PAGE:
We Bought a Zoo - Not all the animals are cuddly, but Cameron Crowe's movie definitely is

(Image credit: Neal Preston)

The story of the English journalist who bought a rundown zoo on the edge of Dartmoor has been transported to southern California and given a coating of Hollywood gloss with this lavish movie starring Matt Damon and Scarlett Johansson, yet despite the inevitable changes and compromises We Bought a Zoo remains a remarkable, heart-warming tale.

In the film’s version, Damon’s grief-stricken widower Benjamin Mee comes upon the ideal new home for his two young children, which just happens to have a dilapidated zoo attached. Undeterred, he sinks all his savings into the scheme – to the delight of his cute-as-a-button 7-year-old daughter but the dismay of his moody 14-year-old son. The zoo staff, led by comely head keeper Kelly (Johansson), are sceptical too, even though Mee’s undertaking offers the only hope of survival for the zoo and its animals. Can Mee and his family pull together and pull off this mad venture?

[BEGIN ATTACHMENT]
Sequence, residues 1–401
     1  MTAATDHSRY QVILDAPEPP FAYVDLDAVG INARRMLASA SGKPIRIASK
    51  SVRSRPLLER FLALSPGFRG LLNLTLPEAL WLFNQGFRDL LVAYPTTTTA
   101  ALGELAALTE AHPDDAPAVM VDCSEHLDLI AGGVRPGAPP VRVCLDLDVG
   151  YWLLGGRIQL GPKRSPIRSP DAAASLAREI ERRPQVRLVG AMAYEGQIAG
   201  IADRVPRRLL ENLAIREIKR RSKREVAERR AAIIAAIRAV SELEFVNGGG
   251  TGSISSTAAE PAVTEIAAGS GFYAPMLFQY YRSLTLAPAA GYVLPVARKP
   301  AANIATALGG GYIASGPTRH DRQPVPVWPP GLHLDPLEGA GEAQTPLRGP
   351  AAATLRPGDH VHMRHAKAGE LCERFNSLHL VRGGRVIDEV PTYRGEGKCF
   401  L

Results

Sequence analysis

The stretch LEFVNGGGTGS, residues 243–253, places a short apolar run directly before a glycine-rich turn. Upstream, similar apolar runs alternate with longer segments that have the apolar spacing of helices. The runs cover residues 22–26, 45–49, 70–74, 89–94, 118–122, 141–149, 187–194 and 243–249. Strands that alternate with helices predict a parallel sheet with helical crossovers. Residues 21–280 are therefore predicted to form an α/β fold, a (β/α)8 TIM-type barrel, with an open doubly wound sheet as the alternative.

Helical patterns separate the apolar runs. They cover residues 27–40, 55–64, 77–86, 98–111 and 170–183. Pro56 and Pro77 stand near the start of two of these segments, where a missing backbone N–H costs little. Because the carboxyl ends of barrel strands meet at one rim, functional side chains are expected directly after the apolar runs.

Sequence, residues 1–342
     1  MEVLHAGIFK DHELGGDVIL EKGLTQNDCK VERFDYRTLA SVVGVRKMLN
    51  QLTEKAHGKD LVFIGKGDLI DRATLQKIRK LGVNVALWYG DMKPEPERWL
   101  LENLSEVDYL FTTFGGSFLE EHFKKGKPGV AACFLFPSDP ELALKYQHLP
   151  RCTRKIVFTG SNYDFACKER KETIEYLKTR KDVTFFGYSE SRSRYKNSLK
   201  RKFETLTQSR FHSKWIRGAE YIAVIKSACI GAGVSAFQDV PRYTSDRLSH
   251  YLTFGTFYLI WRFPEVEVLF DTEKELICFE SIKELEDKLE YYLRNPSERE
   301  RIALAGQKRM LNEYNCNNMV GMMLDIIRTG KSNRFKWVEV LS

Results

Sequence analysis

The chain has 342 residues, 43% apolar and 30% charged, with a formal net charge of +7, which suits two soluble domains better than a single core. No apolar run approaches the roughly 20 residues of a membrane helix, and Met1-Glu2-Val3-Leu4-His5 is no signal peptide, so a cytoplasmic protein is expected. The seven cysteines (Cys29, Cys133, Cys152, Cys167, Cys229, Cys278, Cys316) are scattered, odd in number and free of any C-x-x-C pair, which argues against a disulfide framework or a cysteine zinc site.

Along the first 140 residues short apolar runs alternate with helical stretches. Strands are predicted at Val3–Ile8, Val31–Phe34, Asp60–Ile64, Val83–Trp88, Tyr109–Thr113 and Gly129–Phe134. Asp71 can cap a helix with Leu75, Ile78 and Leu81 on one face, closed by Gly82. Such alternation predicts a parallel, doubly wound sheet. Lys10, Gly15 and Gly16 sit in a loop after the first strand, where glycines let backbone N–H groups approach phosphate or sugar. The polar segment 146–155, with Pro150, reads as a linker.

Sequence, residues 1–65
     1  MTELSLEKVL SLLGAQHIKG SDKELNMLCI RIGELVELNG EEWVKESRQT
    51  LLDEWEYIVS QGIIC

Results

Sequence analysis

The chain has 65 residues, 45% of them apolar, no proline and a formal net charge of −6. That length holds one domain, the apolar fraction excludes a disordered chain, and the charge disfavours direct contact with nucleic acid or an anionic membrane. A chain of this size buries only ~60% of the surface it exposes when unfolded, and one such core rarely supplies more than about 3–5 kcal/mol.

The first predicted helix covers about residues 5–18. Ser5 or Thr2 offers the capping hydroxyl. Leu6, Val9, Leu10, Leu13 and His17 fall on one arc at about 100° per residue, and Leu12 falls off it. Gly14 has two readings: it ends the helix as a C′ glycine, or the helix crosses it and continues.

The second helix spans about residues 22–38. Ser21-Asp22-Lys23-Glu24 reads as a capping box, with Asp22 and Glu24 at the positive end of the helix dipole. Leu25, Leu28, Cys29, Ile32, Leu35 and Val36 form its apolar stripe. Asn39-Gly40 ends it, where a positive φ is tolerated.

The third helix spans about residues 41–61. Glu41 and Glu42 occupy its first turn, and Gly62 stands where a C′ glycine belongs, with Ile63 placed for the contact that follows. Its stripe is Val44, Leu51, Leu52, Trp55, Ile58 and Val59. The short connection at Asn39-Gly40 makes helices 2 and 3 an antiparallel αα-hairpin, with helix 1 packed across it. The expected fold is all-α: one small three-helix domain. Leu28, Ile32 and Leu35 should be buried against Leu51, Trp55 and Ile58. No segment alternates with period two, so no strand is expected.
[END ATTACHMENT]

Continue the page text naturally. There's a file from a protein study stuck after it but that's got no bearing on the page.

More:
Well, We Bought a Zoo fits squarely into the bracket of uplifting family fare so you pretty much know the answer going in. There are setbacks and crises, of course, including an escaped grizzly bear, an ailing tiger and a pernickety zoo inspector, but while the creatures may be dangerous, Jerry Maguire director Cameron Crowe definitely plays things safe. That’s not necessarily a bad thing, and even though the film is more than a tad overlong, the charm of the animals and the cast, plus a soundtrack of well-chosen rock classics, make a visit to this cinematic zoo an appealing outing to take.

On general release from Friday 16th March.

Help save Dartmoor Zoo. Visit the zoo's official website and find out how you can help.

Jason Best

A film critic for over 25 years, Jason admits the job can occasionally be glamorous – sitting on a film festival jury in Portugal; hanging out with Baz Luhrmann at the Chateau Marmont; chatting with Sigourney Weaver about The Archers – but he mostly spends his time in darkened rooms watching films. He’s also written theatre and opera reviews, two guide books on Rome, and competed in a race for Yachting World, whose great wheeze it was to send a seasick film critic to write about his time on the ocean waves. But Jason is happiest on dry land with a classic screwball comedy or Hitchcock thriller.